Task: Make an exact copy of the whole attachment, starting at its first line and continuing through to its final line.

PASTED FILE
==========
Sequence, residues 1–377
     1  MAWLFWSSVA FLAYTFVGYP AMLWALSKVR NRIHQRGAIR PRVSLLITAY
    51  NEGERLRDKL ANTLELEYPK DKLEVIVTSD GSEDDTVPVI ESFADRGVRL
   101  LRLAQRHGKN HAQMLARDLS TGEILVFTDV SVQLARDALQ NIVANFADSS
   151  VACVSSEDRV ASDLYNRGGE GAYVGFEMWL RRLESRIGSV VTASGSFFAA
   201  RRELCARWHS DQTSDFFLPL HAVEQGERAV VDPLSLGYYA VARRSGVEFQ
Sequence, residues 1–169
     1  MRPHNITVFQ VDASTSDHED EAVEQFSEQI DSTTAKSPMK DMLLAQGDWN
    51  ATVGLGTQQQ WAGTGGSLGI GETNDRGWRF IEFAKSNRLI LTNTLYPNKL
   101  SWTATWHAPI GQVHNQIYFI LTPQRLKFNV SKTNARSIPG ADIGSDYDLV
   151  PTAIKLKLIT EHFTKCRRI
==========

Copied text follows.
Sequence, residues 1–377
     1  MAWLFWSSVA FLAYTFVGYP AMLWALSKVR NRIHQRGAIR PRVSLLITAY
    51  NEGERLRDKL ANTLELEYPK DKLEVIVTSD GSEDDTVPVI ESFADRGVRL
   101  LRLAQRHGKN HAQMLARDLS TGEILVFTDV SVQLARDALQ NIVANFADSS
   151  VACVSSEDRV ASDLYNRGGE GAYVGFEMWL RRLESRIGSV VTASGSFFAA
   201  RRELCARWHS DQTSDFFLPL HAVEQGERAV VDPLSLGYYA VARRSGVEFQ
Sequence, residues 1–169
     1  MRPHNITVFQ VDASTSDHED EAVEQFSEQI DSTTAKSPMK DMLLAQGDWN
    51  ATVGLGTQQQ WAGTGGSLGI GETNDRGWRF IEFAKSNRLI LTNTLYPNKL
   101  SWTATWHAPI GQVHNQIYFI LTPQRLKFNV SKTNARSIPG ADIGSDYDLV
   151  PTAIKLKLIT EHFTKCRRI